The latest report by Global System for Mobile communication Association said this represented an increase of $1.6bn over the past two years.
The GSMA Mobile Economy West Africa 2019 report had put the mobile Internet gap in the country at 30 per cent, adding that 29 per cent of the Nigerian population were mobile Internet users.
The report said about 41 per cent of the Nigerian population had access to mobile network broadband but didn’t subscribe to mobile Internet services.
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“The improved macro-economic outlook for the sub-region, following the economic recession in Nigeria in 2016, bodes well for demand for telecoms services. Along with increasing investments in 4G networks, this will support capex growth over the medium term. From 2019 to 2020, mobile operators in the sub-region will spend $8.5bn on network infrastructure and services – an increase of $1.6bn over the previous two years,” it added.
Analysts at GSMA noted that access to the Internet had the potential to generate significant social and economic benefits for individuals and communities ranging from improved business efficiency to increased access to life-enhancing services.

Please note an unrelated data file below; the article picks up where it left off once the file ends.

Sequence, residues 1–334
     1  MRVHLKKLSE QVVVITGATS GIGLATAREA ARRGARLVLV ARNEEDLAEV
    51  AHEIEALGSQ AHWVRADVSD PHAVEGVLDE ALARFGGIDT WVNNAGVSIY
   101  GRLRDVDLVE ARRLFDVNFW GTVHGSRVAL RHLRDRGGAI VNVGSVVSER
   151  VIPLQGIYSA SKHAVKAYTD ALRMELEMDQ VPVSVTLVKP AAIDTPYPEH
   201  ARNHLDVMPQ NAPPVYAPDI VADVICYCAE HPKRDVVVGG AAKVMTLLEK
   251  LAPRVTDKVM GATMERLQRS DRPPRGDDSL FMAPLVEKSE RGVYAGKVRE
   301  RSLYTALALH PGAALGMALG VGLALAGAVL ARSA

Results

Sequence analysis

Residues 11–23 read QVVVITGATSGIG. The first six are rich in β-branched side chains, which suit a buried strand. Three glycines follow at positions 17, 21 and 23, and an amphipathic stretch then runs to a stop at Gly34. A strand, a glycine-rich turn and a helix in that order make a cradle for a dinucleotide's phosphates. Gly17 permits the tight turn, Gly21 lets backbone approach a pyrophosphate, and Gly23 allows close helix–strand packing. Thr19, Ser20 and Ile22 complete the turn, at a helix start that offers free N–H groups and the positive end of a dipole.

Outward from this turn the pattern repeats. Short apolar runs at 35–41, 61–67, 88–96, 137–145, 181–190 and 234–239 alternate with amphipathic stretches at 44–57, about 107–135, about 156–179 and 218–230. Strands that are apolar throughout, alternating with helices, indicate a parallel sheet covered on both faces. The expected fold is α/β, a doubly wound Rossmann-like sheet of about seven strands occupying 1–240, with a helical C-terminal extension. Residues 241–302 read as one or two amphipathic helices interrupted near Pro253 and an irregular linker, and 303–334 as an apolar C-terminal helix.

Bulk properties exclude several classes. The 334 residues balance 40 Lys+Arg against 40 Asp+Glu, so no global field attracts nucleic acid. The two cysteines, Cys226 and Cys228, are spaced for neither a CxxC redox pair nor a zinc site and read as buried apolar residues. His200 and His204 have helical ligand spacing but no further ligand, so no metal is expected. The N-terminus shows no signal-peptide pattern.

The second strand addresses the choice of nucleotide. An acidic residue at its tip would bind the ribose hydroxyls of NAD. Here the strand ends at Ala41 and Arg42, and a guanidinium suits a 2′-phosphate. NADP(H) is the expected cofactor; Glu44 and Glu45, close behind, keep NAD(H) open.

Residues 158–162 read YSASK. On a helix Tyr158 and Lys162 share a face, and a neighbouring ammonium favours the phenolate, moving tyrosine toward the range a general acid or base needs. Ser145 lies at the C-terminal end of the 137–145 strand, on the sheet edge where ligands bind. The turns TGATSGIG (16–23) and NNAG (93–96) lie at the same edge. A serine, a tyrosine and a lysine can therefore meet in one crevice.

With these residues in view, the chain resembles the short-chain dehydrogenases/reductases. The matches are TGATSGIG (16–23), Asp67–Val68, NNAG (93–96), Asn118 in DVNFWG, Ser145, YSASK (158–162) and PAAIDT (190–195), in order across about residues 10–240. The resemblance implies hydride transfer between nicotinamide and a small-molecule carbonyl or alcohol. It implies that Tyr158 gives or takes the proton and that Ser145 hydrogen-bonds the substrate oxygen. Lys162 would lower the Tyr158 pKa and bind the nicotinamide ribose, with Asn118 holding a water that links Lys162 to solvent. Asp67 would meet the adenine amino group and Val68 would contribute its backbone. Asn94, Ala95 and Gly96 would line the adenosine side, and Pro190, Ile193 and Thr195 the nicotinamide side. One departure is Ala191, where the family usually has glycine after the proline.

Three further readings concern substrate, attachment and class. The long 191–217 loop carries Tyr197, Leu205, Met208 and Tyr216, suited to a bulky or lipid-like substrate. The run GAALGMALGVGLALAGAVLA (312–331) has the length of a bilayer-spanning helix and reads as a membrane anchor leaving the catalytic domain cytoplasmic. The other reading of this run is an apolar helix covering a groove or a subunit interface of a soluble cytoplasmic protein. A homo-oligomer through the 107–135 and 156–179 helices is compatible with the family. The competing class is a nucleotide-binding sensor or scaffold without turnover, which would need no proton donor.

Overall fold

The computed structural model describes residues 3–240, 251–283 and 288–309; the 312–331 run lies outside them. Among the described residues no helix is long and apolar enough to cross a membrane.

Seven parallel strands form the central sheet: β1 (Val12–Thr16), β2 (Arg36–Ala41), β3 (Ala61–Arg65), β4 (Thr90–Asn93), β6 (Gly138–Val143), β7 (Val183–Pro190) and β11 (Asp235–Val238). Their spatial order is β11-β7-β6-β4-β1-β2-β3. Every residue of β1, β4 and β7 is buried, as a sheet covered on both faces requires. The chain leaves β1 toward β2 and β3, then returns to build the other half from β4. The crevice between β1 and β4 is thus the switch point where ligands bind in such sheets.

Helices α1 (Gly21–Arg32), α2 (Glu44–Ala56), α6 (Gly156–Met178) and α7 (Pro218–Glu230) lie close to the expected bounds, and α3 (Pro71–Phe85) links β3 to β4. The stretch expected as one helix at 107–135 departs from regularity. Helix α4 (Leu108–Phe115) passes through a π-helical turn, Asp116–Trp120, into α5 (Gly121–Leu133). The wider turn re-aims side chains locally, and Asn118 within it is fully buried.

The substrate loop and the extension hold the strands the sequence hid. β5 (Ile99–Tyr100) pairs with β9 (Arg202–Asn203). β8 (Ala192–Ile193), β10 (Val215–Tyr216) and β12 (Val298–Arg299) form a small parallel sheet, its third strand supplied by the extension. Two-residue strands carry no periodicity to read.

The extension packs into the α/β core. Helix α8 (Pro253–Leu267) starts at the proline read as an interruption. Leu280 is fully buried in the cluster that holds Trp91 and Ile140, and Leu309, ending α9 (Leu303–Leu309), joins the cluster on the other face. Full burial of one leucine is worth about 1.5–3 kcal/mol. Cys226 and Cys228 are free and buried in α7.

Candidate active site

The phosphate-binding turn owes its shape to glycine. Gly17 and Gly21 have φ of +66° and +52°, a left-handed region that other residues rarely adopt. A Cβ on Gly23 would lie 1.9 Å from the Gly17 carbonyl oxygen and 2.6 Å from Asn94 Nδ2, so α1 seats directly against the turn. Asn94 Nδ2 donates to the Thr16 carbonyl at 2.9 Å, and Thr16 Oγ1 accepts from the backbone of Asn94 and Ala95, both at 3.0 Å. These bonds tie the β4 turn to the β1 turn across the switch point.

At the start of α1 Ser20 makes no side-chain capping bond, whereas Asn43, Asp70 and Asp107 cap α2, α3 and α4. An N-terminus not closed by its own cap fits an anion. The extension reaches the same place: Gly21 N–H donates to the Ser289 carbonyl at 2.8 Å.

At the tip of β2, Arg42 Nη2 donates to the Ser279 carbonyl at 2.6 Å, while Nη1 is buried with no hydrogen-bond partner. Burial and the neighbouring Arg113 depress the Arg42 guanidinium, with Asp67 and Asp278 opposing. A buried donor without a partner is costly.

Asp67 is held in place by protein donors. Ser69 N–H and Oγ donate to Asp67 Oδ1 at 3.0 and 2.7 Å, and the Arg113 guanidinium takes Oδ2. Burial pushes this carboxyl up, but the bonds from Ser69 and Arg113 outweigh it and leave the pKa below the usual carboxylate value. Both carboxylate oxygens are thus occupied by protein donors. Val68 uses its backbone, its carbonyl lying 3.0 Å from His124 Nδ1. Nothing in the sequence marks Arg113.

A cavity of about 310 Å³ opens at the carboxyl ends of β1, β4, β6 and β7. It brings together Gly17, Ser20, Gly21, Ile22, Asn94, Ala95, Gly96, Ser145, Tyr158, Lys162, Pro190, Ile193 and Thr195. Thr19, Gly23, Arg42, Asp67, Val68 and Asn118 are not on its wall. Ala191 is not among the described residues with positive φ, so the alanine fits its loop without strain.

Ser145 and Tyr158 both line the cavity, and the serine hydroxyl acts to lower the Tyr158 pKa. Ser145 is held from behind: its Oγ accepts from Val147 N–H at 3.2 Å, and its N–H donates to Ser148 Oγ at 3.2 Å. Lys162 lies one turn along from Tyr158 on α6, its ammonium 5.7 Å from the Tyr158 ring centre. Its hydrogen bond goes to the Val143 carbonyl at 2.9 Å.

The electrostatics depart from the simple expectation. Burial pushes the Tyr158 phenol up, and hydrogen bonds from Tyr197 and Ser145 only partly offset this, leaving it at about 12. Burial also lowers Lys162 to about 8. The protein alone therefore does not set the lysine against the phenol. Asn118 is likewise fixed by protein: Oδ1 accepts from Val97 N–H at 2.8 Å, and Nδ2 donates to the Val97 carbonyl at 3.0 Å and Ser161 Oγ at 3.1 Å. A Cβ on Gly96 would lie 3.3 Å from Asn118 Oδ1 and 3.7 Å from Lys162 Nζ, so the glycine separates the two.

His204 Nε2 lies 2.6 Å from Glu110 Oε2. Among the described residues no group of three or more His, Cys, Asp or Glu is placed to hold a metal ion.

According to the report, in West Africa, mobile is the primary platform for accessing the Internet, adding that at the end of 2018, there were around 100 million mobile Internet users in the region, representing an increase of 19 million over the previous year.
In the report, Nigeria was named among the four countries in West Africa that scored higher than the sub-Saharan Africa average index score in the mobile connectivity index.
Other countries are Cote d’Ivoire, Cape Verde and Ghana.
The report described Côte d’Ivoire as the most improved country in West Africa, rising by 9.2 points over three years in the Mobile Connectivity Index, saying the country recorded significant improvements in infrastructure, affordability and content development.
According to GSMA, most countries in West Africa scored below the average index score for sub-Saharan Africa.
Highlighting the challenges operators faced in enhancing digital inclusion in the sub-region, analysts at GSMA said, “Extending coverage remains economically challenging given the high costs of increasing coverage and issues related to consumer demand. Inconsistent and distortive regulation from governments restricts public and private investment in connecting the unconnected.
“Overcoming these barriers will require focus, innovation and collaboration between the public and private sectors around solutions for extending network coverage into rural areas and stimulating demand for mobile Internet services among underserved populations.”